When he was reviled, he did not revile in return; when he suffered, he did not threaten, dbut continued entrusting himself to him who judges justly.

Posted: December 14, 2017 in Uncategorized

This is a sticky question. If I give a Christian answer or an answer from scripture, I will be accused of preaching (Jon Hill’s answer to Do people hate Trump?). If I keep it “secular”, no answer would make any sense!

Since I have yet to be reprimanded by Quora admin for “preaching”, I will go ahead and give what I believe to be a reason from scripture.

One problem is that it depends on what you mean by “unite”. We ARE united with our persecuted Christian brothers and sisters around the world in prayer, financial contributions and assistance, and pressure on our government to in turn put pressure (i.e. sanctions) on nations that persecute Christians or which do not prosecute people who do. These are the limits of what we can do, though. If, however, you mean to unite in violent retribution for persecution, I’m afraid that that is diametrically opposed to the teachings of Jesus Christ and the Apostles! Sure, there are some “Christians” who do take vengeance, some of them will even do it—and worse—“in the name of Jesus”! But this does not make their actions Christian or defensible. A Christian who exacts vengeance, forces conversion, or commits any number of crimes against humanity as have been committed “in Christ’s name”, has to violate the very teachings of his faith in order to do so! It would be like chowing down on a suckling pig and chasing it with a bottle of vodka “in the name of Islam”!

The other problem, if you wish to call it that—and many American evangelicals don’t really like to hear this—is that persecution for a Christian is a blessing, not a curse! “Blessed are those who are persecuted because of righteousness, for theirs is the kingdom of heaven.

“Blessed are you when people insult you, persecute you and falsely say all kinds of evil against you because of me. Rejoice and be glad, because great is your reward in heaven, for in the same way they persecuted the prophets who were before you.” (Matthew 5:10:12); “Not only that, but we also rejoice in our sufferings, because we know that suffering produces perseverance…” (Romans 5:3); “For it has been granted to you on behalf of Christ not only to believe in Him, but also to suffer for Him…” (Philippians 1:29) This verse actually says our suffering for Jesus is a gift! “Consider it pure joy, my brothers and sisters, whenever you face trials of many kinds, because you know that the testing of your faith produces perseverance.” (James 1:2–3); “Indeed, all who desire to live a godly life in Christ Jesus will be persecuted, while evildoers and impostors will go from bad to worse, deceiving and being deceived.” (2 Timothy 3:12–13) (All emphases are mine)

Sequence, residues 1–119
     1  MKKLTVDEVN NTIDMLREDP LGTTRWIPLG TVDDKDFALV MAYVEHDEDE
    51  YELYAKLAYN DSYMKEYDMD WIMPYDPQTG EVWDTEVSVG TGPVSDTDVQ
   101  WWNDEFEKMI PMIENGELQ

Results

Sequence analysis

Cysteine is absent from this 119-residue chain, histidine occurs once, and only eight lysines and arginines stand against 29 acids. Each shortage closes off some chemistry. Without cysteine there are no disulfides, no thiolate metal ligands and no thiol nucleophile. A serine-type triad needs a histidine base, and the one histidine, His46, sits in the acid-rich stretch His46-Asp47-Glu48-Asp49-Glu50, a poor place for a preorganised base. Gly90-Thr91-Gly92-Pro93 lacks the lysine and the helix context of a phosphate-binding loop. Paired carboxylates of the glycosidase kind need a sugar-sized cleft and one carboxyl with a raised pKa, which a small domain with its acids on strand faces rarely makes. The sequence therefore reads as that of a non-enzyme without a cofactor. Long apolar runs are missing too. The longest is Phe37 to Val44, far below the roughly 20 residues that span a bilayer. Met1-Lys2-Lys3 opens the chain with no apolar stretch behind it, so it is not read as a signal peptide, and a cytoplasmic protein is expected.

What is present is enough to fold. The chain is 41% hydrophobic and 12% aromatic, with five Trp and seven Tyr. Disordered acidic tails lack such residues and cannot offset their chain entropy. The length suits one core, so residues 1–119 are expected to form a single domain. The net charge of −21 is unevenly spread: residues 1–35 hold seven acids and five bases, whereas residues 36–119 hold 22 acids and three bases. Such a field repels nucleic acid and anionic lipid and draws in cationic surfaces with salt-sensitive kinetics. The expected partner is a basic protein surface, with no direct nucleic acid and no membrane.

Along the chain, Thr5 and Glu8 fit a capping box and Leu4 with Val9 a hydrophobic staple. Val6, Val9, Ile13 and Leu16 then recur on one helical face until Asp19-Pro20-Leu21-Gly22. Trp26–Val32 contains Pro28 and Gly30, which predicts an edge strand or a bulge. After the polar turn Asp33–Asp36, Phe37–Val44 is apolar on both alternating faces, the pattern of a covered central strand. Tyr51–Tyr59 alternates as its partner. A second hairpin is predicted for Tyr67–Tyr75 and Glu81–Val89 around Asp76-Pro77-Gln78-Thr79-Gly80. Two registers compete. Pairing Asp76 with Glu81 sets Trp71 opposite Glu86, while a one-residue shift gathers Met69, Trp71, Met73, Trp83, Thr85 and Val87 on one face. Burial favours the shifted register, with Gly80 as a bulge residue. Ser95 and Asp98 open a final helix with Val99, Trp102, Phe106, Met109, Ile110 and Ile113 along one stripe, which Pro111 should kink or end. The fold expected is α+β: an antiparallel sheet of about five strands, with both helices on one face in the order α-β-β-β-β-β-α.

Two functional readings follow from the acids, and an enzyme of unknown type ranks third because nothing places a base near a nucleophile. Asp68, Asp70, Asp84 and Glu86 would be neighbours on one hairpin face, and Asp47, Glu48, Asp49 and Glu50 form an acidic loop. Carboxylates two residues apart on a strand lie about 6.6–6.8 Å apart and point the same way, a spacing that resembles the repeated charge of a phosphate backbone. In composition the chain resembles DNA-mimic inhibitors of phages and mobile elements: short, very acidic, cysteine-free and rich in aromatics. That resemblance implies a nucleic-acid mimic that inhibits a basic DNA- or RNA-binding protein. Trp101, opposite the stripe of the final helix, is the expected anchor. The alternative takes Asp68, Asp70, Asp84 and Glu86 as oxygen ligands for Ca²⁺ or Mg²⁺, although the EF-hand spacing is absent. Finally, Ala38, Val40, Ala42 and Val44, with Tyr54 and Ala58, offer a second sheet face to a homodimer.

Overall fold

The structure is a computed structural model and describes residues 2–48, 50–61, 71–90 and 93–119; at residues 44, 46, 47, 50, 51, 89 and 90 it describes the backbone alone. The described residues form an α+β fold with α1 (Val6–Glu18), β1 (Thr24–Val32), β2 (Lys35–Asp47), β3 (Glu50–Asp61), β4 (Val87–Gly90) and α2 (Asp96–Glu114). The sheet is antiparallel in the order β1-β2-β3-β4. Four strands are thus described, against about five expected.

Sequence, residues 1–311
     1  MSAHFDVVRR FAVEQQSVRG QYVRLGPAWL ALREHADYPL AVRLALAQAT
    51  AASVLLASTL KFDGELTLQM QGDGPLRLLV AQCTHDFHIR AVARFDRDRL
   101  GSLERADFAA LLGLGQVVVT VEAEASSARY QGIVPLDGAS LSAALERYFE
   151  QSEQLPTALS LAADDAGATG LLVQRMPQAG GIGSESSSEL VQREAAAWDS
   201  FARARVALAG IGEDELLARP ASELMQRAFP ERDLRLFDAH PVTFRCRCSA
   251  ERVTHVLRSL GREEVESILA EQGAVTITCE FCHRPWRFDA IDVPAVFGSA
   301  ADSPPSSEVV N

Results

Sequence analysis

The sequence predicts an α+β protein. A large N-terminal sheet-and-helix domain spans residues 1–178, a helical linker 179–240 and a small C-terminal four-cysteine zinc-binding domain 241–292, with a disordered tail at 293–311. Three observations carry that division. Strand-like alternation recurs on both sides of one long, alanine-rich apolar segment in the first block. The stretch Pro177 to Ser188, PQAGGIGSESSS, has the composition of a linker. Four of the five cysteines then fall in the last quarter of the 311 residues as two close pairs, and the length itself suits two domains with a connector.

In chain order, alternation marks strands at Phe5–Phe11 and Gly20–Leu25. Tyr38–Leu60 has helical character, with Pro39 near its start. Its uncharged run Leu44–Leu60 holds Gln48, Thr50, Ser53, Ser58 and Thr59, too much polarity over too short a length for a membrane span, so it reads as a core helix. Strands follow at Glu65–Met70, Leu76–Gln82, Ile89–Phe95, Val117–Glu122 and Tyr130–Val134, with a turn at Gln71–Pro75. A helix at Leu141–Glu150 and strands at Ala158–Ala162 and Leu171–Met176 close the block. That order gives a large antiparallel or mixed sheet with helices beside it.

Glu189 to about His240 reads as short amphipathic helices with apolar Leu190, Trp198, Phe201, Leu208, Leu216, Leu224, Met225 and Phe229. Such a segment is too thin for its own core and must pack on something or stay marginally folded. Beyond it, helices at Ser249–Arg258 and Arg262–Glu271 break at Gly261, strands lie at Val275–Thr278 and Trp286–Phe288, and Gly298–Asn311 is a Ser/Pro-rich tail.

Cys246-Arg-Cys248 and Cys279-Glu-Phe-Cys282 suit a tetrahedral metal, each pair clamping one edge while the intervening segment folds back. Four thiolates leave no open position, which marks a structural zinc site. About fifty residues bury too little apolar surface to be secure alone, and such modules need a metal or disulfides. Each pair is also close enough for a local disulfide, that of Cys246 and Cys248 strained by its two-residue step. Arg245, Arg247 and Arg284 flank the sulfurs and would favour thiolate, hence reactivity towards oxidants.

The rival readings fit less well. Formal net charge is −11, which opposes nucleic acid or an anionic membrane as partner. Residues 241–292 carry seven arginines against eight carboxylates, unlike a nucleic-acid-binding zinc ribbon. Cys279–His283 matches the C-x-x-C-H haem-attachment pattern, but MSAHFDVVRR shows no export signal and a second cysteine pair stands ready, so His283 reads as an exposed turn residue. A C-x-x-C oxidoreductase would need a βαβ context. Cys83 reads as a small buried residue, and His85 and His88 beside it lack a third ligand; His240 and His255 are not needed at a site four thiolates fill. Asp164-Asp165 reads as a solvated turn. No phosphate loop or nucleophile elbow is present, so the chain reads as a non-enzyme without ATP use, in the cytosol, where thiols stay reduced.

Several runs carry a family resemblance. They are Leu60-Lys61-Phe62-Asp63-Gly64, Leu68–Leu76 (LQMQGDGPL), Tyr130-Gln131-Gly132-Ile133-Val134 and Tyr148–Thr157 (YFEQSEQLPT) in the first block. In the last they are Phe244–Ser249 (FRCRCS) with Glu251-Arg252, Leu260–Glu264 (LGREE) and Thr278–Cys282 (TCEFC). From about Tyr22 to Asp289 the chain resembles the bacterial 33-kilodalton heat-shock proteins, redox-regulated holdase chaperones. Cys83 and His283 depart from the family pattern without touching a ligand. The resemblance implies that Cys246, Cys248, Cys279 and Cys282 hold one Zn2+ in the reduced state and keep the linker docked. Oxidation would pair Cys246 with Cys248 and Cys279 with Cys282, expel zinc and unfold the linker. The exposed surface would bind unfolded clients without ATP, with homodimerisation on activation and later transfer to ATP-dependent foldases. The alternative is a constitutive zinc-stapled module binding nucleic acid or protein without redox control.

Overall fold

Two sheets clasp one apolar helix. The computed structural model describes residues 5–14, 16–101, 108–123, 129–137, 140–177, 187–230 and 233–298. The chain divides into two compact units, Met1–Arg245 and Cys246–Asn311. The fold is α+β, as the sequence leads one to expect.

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Persecution in the early church was a part of life. Roman emperors would often require subjects to worship them; if they did not, horrible punishments would await. “No Roman was more ruthless than Nero when it came to the persecution of Christians. He did not just kill Christians; he wanted to make them suffer first. Nero enjoyed dipping the Christians in wax before impaling them on poles around his palace and lighting them on fire, yelling sarcastically, ‘Now, you truly are the light of the world!’

“Nero used the Circus Maximus for some of his most gruesome murders. In that massive stadium he would have Christians wrapped in animal skins and thrown to lions or dogs that would then tear them apart in front of thousands of entertained spectators. At other times he would crucify them and after the crowd would get bored, set the Christians on fire.” (Spectators in the Circus Maximus)

We are to have the mind and attitude of Jesus Christ, as difficult as it may be for the “world” to grasp: “When he was reviled, he did not revile in return; when he suffered, he did not threaten, but continued entrusting himself to him who judges justly.” (1 Peter 2:23)

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